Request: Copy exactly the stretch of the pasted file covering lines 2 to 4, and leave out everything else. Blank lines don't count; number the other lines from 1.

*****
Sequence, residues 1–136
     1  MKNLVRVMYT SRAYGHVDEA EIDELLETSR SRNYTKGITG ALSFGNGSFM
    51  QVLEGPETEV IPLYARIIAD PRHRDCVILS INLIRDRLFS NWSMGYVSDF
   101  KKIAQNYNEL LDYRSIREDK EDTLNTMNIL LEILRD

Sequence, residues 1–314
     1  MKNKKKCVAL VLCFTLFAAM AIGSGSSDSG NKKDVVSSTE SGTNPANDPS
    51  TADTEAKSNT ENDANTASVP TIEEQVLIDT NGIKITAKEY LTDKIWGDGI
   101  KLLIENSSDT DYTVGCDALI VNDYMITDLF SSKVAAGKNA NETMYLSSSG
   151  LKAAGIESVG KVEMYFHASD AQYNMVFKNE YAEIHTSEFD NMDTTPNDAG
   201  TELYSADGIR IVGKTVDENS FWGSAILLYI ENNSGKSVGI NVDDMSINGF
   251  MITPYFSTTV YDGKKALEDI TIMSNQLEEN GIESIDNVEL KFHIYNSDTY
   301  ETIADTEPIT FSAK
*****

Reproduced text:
     1  MKNLVRVMYT SRAYGHVDEA EIDELLETSR SRNYTKGITG ALSFGNGSFM
    51  QVLEGPETEV IPLYARIIAD PRHRDCVILS INLIRDRLFS NWSMGYVSDF
   101  KKIAQNYNEL LDYRSIREDK EDTLNTMNIL LEILRD